Williamstown Economic Development Committee Looks at Regional Efforts
WILLIAMSTOWN, Mass. — After nearly a year of discussing what the town can do to spur economic growth, the Economic Development Committee on Monday focused its attention beyond the Village Beautiful.
It is not the first time the ad hoc committee has looked at how the town's economy fits into a broader context, but two of Monday's guest speakers emphasized the importance of a regional or statewide perspective.
Rep. Gailanne Cariddi, D-North Adams, and Jonathan Butler of 1Berkshire addressed the committee as it wraps up its business and prepares to present a final report to the Board of Selectmen next month.
Cariddi talked about a bill she is sponsoring to encourage economic development in communities like Williamstown and repeated her call for the creation of a Northern Berkshire economic development corporation.
Cariddi is one of four sponsors of H.3499, which would direct the administration to create a "tax increment financing program." Under her plan, the commonwealth would have up to six zones within which new businesses would receive tax breaks that would gradually disappear over 10 years.
Cariddi said the proposal is partly a response to Massachusetts' "aggressive neighbor to the west." The "Start-Up New York" program tempts potential businesses to locate or expand in the Empire State.
"We're trying to target [the Massachusetts proposal] to areas that are like us too as far as having parcels that might be available — former mills or manufacturing infrastructure with little use," Cariddi said.
Cariddi said she has spoken to the secretary of housing and economic development about her proposal and would not mind seeing it rolled into the Baker administration's economic development plan announced earlier Monday in Boston.
Meanwhile, Cariddi said she hopes to convene an economic summit in the region early next year.
"The last economic summit was held in 1991," she said. "That was Dan Bosley. I mentioned it today to one of the people on my staff, and they said, 'That's the year I was born.' I think it would be a good idea to have another Northern Berkshire economic summit.
Cariddi and EDC Chairman Jeffrey Thomas pointed to the accomplishments of the nearby Franklin County Economic Development Corp.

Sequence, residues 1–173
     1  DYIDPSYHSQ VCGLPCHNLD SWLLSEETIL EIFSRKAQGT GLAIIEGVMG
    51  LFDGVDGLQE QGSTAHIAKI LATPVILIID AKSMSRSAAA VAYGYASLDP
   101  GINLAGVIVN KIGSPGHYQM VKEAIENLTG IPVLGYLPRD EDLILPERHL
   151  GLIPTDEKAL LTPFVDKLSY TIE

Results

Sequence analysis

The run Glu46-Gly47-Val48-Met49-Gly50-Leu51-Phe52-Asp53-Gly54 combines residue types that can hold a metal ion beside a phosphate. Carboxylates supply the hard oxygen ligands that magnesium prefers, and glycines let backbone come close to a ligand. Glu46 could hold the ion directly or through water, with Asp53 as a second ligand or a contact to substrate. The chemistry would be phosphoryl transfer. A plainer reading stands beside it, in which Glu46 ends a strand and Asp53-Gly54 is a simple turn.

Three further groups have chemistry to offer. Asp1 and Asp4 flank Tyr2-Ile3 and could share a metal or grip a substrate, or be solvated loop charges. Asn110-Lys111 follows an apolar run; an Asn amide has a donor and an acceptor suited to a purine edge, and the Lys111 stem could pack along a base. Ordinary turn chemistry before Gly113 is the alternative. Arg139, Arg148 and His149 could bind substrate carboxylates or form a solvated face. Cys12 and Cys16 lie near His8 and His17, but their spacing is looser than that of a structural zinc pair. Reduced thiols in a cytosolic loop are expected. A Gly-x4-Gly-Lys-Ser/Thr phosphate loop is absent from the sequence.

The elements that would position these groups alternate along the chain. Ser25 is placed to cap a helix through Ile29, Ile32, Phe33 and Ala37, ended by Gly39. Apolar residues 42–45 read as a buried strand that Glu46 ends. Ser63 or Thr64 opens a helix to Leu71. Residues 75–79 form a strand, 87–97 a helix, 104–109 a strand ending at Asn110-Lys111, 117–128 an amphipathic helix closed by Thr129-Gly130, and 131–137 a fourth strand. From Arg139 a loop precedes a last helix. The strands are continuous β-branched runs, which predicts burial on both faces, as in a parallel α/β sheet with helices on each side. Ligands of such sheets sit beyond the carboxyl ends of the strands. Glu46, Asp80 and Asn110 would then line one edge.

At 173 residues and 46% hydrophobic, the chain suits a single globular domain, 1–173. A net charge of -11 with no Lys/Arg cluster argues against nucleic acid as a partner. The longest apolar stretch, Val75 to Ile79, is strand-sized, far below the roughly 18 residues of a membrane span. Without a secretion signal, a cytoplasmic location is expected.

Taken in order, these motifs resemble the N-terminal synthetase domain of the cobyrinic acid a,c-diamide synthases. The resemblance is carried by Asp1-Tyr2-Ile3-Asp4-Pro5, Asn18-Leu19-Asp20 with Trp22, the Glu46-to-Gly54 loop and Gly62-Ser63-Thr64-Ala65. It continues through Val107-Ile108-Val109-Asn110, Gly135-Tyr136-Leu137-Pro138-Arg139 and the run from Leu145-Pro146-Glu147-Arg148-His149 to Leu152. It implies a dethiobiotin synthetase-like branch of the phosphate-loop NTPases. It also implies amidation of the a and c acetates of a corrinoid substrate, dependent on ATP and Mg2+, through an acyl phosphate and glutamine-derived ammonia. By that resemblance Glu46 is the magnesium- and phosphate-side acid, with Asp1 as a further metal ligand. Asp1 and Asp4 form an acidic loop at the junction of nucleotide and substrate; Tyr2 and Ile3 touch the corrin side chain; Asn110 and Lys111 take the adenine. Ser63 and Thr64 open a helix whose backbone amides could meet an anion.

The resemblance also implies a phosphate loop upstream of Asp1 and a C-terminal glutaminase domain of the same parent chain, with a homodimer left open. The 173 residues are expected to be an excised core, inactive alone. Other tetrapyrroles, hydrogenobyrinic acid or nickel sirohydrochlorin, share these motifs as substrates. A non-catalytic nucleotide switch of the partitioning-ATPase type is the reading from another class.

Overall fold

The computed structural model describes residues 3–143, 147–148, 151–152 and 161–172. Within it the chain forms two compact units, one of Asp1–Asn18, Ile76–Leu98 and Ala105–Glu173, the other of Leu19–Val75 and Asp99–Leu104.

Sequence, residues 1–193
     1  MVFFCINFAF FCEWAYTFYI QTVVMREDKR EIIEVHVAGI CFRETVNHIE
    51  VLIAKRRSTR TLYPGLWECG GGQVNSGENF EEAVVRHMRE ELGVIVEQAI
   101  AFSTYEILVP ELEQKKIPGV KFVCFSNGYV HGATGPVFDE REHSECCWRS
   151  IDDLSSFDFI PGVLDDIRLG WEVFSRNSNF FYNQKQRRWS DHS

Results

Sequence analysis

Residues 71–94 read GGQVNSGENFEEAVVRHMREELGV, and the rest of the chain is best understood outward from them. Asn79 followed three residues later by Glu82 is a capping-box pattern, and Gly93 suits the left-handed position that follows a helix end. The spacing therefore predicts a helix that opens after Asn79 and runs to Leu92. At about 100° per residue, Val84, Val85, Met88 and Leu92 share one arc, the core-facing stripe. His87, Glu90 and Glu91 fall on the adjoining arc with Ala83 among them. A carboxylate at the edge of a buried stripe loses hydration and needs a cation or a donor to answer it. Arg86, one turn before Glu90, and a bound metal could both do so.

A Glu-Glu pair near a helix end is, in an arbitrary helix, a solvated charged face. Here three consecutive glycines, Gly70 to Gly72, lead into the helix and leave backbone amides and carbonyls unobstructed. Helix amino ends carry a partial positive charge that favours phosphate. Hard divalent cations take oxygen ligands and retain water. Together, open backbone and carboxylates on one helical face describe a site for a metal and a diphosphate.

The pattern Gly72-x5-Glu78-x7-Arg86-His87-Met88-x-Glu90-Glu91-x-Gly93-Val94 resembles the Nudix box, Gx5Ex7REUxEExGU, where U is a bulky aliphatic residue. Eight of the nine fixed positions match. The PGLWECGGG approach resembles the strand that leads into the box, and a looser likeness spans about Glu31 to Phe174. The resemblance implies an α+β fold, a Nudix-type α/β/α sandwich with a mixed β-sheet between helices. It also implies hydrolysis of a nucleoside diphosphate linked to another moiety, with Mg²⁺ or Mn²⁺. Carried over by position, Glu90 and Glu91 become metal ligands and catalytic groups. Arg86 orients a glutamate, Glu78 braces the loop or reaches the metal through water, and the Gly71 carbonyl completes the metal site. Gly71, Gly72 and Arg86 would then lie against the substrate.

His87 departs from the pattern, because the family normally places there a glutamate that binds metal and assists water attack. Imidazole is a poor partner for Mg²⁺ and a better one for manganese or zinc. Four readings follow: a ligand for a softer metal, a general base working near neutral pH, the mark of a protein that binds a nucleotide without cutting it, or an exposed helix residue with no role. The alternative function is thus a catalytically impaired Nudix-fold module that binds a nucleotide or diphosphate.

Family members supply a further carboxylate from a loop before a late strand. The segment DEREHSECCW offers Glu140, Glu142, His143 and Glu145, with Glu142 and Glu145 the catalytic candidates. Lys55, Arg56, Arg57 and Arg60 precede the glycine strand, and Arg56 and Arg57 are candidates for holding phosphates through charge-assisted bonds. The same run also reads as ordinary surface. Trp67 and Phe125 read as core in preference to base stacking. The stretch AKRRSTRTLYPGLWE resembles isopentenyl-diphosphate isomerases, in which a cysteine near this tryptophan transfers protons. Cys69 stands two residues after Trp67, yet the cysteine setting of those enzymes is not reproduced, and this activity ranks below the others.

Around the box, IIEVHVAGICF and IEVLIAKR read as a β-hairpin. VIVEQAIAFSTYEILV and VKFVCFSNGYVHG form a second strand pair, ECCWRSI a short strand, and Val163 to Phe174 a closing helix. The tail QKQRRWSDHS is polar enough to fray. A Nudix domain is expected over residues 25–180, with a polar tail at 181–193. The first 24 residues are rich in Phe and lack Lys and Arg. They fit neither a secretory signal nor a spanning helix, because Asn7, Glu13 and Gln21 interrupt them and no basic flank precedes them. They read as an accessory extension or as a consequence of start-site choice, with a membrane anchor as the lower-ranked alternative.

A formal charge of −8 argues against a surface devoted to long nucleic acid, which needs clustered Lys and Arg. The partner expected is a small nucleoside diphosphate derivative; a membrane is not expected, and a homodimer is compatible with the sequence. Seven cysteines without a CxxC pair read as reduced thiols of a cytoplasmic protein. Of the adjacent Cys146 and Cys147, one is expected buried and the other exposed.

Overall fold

Butler told the EDC that 1Berkshire already is making progress helping to spur the economy in the county. Earlier this year, Butler's colleague, Lauri Klefos, addressed the committee.
On Monday, Butler told the EDC there are things that individual towns can and should do on their own to foster economic development but there are other things best left to regional groups like his.
"Municipalities tend to think small," said Butler, a former town administrator in Adams. "You do it for a reason because you're looking at local needs. ... But you come to the conclusion you have to do it all yourselves. That isn't the reality.
"I think you run into the vantage point in doing local economic development where you say, 'If we're not doing it, who is?' Sometimes you can pigeon-hole yourself into thinking, 'We have to do A, B, C and D or it won't be done."
Towns and cities should focus on issues like permitting and zoning and creating a vibrant downtown. But "big picture" issues like workforce alignment and employer recruitment are best left to regional groups, Butler said.
"Employer recruitment is a common thing municipalities get hung up on," he said. "My experience in Adams is: You're not getting people's attention to look at just your community. They're looking at the Berkshires. it's really a regional question."
1Berkshire is looking at the workforce alignment issue and trying to address the fact that the county typically has higher unemployment than Massachusetts as a whole yet at any time has up to 1,700 jobs that are unfilled.
"A lot of those are part-time jobs, but it's work," Butler said. "Those are the kinds of challenges dealt with best at the regional level."
Closer to home, the EDC on Monday took testimony from Town Manager Jason Hoch, who told the panel about his experience helping to spur downtown development in Littleton, N.H., which in 2003 received the Great American Main Street Award from the National Trust for Historic Preservation.
Each year, up to five downtown revitalization projects are so recognized nationwide. No Massachusetts community outside of Boston has received the award since it began in 1995.
"We judge a the health of a community by its downtown and business district," Hoch told the committee. "No one ever drives into town and says, 'Look at that business park,' or, 'Look at that Walmart. Never seen one of those before.' We look at the downtown and it becomes a proxy for the health of the community. ...
"One of the starting points for us is to think about where we are with the commercial districts and where we see them in the future."
Hoch also emphasized to the committee that economic development is a long-term process, but he said it is not unreasonable to hope for some tangible results in five years or so.
And he said that Williamstown is well positioned to engage in economic development efforts thanks to the staff already in place at town hall when he arrived.
"You guys are lucky in that you have smart, organized people in your community development department," Hoch said. "I'd be hard pressed to stand here and make an argument that we need more staff."
The EDC spent about a third of its meeting on Monday focusing on edits to its draft report. It hopes to finalize the language at its Dec. 7 meeting in time to present the finished product to the Board of Selectmen the following Monday.
Among the topics the committee addressed: how to incorporate feedback it received at a Nov. 10 public listening session. The committee is continues to take feedback on the draft report through Nov. 29.
Tags: economic development,
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